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Audit Finds California Prison Receiver Broke State Law by Making No-Bid Contracts with Verizon

An investigation by the California Bureau of State Audits has revealed that Prison Health Care Services, the office overseeing prison health care reform in California, violated legal requirements and bypassed internal controls when it acquired $26.7 million in information technology (“IT”) goods and services without inviting competitive bids. The investigation, conducted by state Auditor Elaine M. Howle pursuant to the California Whistleblower Protection Act, was initiated when, shortly after his appointment in January 2008, J. Clark Kelso, the office’s new receiver, discovered that some of the IT contracts executed during his predecessor’s tenure may not have followed appropriate state laws and policies. Coincidentally, Kelso had gained familiarity with IT contracting problems of a similar nature during his tenure as California’s Chief Information officer (prior to his federal-court-appointment as Receiver). In responding to the audit, Kelso noted that, “For better or for worse,” his predecessor had devoted the bulk of the resources of the receiver’s office to addressing the very immediate problems posed by “abhorrent clinical conditions on the ground in the prisons.” Kelso acknowledged that, as a consequence, perhaps not enough attention had been paid to the administration of the state’s contracting system -- a system which he characterized as “also in shambles” when the receivership was originally established (in 2006).

The auditor detailed the results of her investigation in a report submitted to the Governor and legislative leaders on January 22, 2009. Although the report included a copy of the Receiver’s response to the audit, neither Kelso nor his predecessor, Robert Sillen, was otherwise specifically named in the report. And similarly, while the report exposed the failures of four officials and two managers in the Prison Health Care Services bureaucracy to fulfill their contracting responsibilities, those officials and managers -- one of whom was identified in a footnote as having been terminated -- were not named either.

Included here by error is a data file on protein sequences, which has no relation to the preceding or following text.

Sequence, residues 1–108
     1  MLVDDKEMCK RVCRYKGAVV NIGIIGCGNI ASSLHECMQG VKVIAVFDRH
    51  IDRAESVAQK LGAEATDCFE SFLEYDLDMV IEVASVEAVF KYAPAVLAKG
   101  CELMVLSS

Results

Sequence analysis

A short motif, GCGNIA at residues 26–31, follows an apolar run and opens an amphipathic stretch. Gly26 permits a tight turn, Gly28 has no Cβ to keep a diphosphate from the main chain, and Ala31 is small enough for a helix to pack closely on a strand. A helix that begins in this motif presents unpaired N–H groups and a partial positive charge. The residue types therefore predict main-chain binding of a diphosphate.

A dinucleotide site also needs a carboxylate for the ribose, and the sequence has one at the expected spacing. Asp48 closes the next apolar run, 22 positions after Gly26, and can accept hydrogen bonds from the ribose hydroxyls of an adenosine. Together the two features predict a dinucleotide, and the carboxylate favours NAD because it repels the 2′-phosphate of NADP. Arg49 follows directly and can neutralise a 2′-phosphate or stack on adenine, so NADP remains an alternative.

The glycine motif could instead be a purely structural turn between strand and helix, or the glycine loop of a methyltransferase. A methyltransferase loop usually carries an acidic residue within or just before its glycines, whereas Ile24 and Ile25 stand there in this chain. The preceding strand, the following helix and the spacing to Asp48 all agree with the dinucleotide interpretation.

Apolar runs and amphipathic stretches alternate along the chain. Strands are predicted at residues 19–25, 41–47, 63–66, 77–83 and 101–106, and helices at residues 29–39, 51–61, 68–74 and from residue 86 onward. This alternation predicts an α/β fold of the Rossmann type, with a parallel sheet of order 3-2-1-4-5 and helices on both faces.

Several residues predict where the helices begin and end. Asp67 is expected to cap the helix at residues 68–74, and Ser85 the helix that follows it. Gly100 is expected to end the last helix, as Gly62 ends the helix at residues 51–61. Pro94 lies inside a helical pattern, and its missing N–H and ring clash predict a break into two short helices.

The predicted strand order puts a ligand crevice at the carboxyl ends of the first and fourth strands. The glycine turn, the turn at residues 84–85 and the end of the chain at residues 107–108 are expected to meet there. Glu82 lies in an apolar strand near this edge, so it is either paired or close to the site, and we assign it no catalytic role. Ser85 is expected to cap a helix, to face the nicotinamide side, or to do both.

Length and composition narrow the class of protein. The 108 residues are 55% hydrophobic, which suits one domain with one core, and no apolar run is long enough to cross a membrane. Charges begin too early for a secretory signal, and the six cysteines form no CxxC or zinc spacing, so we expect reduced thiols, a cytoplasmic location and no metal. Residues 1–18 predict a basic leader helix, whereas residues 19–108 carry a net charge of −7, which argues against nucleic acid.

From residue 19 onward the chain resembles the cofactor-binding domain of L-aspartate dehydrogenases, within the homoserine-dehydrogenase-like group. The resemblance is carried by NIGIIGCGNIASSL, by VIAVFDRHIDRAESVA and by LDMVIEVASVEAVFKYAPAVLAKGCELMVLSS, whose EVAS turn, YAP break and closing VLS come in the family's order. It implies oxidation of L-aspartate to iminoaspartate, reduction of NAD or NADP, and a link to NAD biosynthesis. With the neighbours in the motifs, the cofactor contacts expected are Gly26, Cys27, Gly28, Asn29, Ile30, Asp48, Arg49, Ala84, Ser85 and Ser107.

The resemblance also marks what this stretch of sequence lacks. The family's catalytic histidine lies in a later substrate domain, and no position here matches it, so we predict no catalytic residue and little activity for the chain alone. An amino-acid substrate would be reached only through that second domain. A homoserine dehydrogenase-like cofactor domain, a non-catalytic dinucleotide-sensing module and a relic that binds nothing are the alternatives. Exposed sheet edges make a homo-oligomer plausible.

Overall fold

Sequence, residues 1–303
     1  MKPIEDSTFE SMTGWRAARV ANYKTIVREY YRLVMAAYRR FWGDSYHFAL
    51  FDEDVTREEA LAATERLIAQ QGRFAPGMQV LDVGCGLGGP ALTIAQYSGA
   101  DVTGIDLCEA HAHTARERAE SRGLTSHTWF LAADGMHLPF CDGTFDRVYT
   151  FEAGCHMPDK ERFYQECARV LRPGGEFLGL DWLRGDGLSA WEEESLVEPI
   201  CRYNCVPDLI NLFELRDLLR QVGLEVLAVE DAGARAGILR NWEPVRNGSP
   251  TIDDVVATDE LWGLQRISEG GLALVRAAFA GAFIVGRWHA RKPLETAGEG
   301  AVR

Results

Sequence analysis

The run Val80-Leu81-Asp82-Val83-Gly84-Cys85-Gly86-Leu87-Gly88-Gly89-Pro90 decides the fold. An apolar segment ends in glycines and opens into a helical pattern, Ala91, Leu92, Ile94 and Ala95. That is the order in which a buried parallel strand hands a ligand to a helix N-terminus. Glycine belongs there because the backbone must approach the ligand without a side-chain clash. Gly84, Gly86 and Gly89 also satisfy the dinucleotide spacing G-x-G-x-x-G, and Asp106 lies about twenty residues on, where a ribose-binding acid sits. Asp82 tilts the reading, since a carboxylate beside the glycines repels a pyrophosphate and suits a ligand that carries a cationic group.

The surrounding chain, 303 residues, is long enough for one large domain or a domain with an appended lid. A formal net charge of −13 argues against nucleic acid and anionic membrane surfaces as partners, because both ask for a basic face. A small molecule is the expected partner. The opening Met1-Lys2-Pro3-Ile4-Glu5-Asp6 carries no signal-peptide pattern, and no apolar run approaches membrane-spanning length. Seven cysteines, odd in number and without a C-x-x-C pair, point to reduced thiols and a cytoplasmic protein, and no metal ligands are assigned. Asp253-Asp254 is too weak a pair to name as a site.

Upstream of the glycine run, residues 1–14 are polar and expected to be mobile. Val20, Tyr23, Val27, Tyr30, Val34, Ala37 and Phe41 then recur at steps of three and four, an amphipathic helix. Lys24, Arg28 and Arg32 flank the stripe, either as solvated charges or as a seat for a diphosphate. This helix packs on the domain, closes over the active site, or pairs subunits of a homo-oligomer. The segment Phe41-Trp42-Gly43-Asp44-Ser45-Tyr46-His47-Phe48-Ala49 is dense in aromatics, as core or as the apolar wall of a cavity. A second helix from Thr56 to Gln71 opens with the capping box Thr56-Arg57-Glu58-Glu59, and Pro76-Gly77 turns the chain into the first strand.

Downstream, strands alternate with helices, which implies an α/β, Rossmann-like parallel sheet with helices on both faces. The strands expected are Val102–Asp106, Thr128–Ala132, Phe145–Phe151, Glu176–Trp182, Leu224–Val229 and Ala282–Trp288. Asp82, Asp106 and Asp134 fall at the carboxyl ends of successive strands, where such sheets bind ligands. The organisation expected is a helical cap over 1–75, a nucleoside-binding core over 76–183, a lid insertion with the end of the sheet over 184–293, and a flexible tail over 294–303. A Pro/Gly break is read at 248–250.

Conspicuously absent from the auditor’s otherwise exhaustive report was any mention of either the identity of the vendor who seemingly benefited from the failure of Prison Health Care Services to invite competitive bids, or the specific nature of the IT goods and services thus acquired. That missing information was supplied by Don Thompson of the Associated Press; in a press release on January 22, 2009 (the same day as the audit itself was released), the vendor was identified as Verizon Communications Inc. According to the press release, communications giant Verizon (and an unidentified subcontractor) signed a contract with Prison Health Care Services to install its telephone and data lines.

While the audit concluded that the state could not be certain that Prison Health Care Services had spent $26.7 million in public funds “prudently” or that it had received the test value for its money, there was no finding of wrongdoing on the part of Verizon (or the subcontractor). Nor was there any evidence that any employee of Prison Health Care Services had personally benefited from the noncompetitive manner in which the deal with Verizon had been struck.

In responding to the audit, Kelso indicated that his office had established policies and procedures to ensure that Prison Health Care Services would consistently apply proper contracting procedures in making future IT acquisitions. Then, in what may prove to be a concession to the ultimate inevitability of business-as-usual, Kelso indicated that his office had sought and obtained “an appropriately justified approval” from the state Department of General Services to continue its noncompetitive contracting arrangement with Verizon. The audit is available on PLN’s website.

Sources: California Prison Health Care Services Audit, January 2009 Report no. 2008-0805, January 22, 2009; Audit: California Prison Receiver Gave No-Bid Contracts, by Don Thompson, Associated Press, 1/22/09.

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